We explain why there's still a baby formula shortage raging on in America - and how the whole crisis began.
Raising a tiny human and being responsible for their welfare is stress enough for most parents. But in America, mums and dads have had the recent added worries of tracking down 'fuel' for their infants, based on a baby formula shortage that has impacted families for over a year now.
According to the Centers for Disease Control and Prevention (CDC), 1 in 4 American parents breastfeed their child in the first six months, suggesting the majority are reliant on baby formula - a newborn essential (opens in new tab) - to provide their infant's nutrition. Last year, a combination of baby formula recalls (opens in new tab) and manufacturing issues led to nationwide supply chain issues that suppliers are still trying to rectify. Here, we've explained why the baby formula shortage is still ongoing and what's being done to solve it.
Why is there still a baby formula shortage in the US?
Whilst manufacturers are working hard to replenish stock, supplies of baby formula are still yet to return to normal levels following the increased demand in May and June last year. This is why the baby formula shortage is still ongoing.
Robert Cleveland (opens in new tab), senior vice president in North America and Europe of Reckitt Benckiser (opens in new tab) - who produce baby formula Enfamil (opens in new tab) - told Reuters (opens in new tab)that he expects the shortage to continue throughout spring. "I suspect that will persist to some degree until the spring resets," he said, reassuring that: "There is much more volume on shelves than a few months ago, and enough to feed America’s babies."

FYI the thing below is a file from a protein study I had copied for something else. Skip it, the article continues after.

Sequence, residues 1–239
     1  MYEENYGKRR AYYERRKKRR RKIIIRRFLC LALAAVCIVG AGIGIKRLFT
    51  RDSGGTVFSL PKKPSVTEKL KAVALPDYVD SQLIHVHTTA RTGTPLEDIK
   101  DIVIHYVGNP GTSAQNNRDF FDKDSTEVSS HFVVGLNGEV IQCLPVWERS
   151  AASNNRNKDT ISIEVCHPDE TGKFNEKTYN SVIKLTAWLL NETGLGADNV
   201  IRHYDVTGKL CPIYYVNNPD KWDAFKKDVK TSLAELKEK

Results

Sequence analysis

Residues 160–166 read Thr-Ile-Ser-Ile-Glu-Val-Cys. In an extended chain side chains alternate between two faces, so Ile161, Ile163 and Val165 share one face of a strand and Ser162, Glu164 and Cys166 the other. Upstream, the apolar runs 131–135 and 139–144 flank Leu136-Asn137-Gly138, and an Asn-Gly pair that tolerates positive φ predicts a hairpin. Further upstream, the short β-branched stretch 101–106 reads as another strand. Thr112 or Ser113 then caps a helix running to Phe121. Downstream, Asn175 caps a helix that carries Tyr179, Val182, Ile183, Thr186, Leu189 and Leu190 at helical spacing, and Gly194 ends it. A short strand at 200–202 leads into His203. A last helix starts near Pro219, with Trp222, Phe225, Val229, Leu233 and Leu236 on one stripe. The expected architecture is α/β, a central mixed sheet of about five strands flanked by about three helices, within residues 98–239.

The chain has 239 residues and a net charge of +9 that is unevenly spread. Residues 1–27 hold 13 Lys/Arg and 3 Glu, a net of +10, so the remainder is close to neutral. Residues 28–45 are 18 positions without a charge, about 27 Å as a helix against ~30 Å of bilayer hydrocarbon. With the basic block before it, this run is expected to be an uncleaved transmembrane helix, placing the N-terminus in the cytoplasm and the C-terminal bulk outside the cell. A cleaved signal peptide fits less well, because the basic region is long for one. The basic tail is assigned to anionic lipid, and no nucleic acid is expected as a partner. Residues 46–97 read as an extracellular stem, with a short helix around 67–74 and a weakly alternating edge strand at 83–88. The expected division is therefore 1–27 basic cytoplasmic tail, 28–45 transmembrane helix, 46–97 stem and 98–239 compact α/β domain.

Jimmy Chen (opens in new tab), associate professor of analytics and operations management at Bucknell University, explained why the shortage continues despite improved stock levels.
"While supply has increased, so has demand," Chen told The 19th (opens in new tab). "Similar to toilet paper, infant formula has no substitute. So the baby formula is yet another perfect product to trigger panic buying amid shortages.
"Unsure of a sustainable future formula supply, parents who emphatically fear the worst will overfill their cupboards with the products for fear of running out."
In case you’re keeping score, yes this is still a problem. pic.twitter.com/d6yAjySeJ7April 18, 2023
How did the baby formula shortage start?
The baby formula shortage began in late February 2022 when Abbott Laboratories' manufactoring plant in Sturgis, Michingan was forced to closed down for several months. At the time, Abbott’s baby formula was the biggest manufacturer in the market, accounting for 40% of the nation’s supply. The Sturgis plant was also the largest formula production factory in America.